It is hard enough to find vaccines for the world’s deadliest diseases, but scientists also grapple with another concern: shelf life.
In order for vaccines to remain potent, they must be kept within a range of suitable temperatures. For instance, they are rendered useless in excessive heat.
The effects of such temperature fluctuations can be substantial. According to the global health nonprofit PATH, the cholera vaccine Dukoral has a shelf life of 36 months when stored at temperatures between 2-8 degrees Celsius. If stored at 27 degrees Celsius, the vaccine will only last 14 days.
This poses a problem for those performing vaccinations in the developing world; in countries near the equator, the heat can be stifling. That means vaccines could expire when they are needed most.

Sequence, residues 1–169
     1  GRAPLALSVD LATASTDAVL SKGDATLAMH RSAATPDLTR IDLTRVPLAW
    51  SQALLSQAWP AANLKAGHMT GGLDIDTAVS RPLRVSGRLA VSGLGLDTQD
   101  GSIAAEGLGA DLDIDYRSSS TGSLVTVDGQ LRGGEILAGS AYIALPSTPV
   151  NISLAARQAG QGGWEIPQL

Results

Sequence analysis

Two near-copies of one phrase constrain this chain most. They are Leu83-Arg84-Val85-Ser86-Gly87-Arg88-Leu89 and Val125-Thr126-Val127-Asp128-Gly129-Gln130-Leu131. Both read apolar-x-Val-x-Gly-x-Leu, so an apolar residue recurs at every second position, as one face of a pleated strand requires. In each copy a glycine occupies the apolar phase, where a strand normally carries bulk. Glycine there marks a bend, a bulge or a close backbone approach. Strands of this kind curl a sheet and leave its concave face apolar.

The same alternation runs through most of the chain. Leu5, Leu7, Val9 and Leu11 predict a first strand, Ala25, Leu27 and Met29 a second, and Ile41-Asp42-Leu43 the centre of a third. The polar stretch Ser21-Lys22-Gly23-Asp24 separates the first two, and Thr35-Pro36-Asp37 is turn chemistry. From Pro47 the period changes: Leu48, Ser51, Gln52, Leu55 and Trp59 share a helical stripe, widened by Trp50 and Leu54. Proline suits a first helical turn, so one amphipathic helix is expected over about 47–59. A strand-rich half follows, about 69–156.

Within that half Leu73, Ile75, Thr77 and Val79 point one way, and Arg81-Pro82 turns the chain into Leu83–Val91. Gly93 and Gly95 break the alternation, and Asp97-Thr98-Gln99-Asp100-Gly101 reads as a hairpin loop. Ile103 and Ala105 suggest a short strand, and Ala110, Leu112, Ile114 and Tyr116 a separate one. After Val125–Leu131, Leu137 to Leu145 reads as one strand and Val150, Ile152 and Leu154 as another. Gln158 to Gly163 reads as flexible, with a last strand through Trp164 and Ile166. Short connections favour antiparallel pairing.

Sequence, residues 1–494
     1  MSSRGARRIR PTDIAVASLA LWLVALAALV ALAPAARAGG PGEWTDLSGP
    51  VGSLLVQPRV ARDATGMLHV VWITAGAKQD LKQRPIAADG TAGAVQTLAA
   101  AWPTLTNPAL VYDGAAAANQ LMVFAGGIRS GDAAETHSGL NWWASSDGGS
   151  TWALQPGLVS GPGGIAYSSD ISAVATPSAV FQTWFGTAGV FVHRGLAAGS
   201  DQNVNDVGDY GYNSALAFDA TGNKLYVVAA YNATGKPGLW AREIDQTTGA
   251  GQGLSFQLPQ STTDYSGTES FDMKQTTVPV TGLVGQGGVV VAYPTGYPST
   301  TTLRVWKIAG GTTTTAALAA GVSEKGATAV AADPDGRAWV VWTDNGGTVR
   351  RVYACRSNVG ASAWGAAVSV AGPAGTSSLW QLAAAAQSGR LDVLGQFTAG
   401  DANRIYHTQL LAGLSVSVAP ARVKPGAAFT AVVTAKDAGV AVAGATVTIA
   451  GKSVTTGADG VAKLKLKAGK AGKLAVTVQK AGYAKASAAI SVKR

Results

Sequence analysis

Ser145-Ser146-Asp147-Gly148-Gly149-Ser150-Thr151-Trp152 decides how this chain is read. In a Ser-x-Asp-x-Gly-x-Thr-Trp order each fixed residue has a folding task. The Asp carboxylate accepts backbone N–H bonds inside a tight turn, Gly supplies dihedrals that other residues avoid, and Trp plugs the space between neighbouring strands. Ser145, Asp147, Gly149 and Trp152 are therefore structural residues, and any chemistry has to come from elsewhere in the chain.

Compounding the problem is the lack of electricity in certain regions. With high temperatures and no reliable way of keeping supplies cold, many vaccines go to waste.
At Intellectual Ventures Lab, scientists are developing a new device to keep vaccines at the ideal temperature, as part of their Global Good program. The Arktek, a passive vaccine storage device, is able to keep vaccines cold for a month with no electricity. It uses the same techniques to remain protected from extreme temperatures as employed by spacecrafts.
The device was put to the test during the recent Ebola outbreak. When health care workers started to test Ebola vaccine candidates, they needed a way to keep them cold during transport and storage.
The vaccines were required to be kept between -60 and -80 degrees Celsius, well below the usual temperature range of the Arktek device. However, with some quick modifications and carefully conducted tests, the container was modified to support such low temperatures.
That meant scientists could prolong the shelf life of experimental Ebola vaccines, if only for a few days longer.
– Kevin McLaughlin